Perpetual Groove did not exist as it does now in the very beginning of its life. This story begins on the steps of the Savannah Civic Center, where Brock Butler met Adam Perry after freshman orientation at the Savannah College of Art & Design. A few yards away was their dormitory, The Oglethorpe House. This would be the site of their first jams together and many late night sessions with the other band members.
Adam & Brock immediately hit it off and soon began the search for the other pieces needed to form some sort of workable band. Joe Stickney and Brett Hinton were added to the collective shortly thereafter on drums and keys, respectively. Soon after, everyone began taking the first steps to writing music together. The four friends would spend their freshman year in school seeking out the sounds of Perpetual Groove in their dorm rooms, much to the dismay of their neighbors.
After spending their first year in the dormitory, Brock, Adam, Brett, and Joe decided to move out of the city and out to Tybee beach, offering not just a change in locale, but also more space and privacy to develop the band. In what would later be referred to as The Elephant House days, the quartet took the first steps together in documenting the Perpetual Groove sound as it was born, putting together their first official recording. This demo would become known as the “Jungle Funk Demo.” Among the compositions included on this tape were Simple Pleasure Man, Echo, Funk Kitchen, Sitting In The Ghetto, Mota, Nocean, and The March of Gibbles Army. This tape offers the earliest known recordings of the Perpetual Groove sound.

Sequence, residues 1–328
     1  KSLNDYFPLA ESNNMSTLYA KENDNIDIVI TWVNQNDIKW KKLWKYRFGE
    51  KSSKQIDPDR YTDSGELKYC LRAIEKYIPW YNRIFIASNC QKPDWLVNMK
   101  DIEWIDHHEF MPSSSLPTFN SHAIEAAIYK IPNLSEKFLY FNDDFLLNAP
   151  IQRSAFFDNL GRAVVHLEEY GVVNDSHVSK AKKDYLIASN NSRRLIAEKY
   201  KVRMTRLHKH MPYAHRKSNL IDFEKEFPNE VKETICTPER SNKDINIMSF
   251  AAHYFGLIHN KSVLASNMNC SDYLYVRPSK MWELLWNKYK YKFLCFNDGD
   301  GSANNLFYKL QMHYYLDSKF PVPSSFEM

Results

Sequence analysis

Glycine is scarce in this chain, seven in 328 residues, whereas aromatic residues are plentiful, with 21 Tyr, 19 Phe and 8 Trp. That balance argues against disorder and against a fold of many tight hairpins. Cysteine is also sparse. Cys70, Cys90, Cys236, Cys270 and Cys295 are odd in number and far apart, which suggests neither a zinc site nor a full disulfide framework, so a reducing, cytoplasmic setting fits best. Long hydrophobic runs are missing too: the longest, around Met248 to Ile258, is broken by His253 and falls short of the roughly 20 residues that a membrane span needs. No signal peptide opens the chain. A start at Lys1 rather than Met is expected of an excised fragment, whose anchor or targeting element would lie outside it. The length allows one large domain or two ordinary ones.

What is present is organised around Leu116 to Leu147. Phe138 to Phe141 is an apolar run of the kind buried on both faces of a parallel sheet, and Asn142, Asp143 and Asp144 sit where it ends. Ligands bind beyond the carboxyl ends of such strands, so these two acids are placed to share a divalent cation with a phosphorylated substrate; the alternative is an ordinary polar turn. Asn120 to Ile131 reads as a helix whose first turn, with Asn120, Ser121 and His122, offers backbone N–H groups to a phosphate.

The band did some very light touring through 1999, with stops at the original Wherehouse in Charleston, SC, The Music Farm, and The Brandyhouse in Atlanta. Their real home however, was J.J. Cagney’s, the local bar for their friends and one of the only places in Savannah to feature live music all week. Touring was made difficult by everyone’s commitment to school and part time jobs, so playing locally was an easy way to make a little money and hone their skills.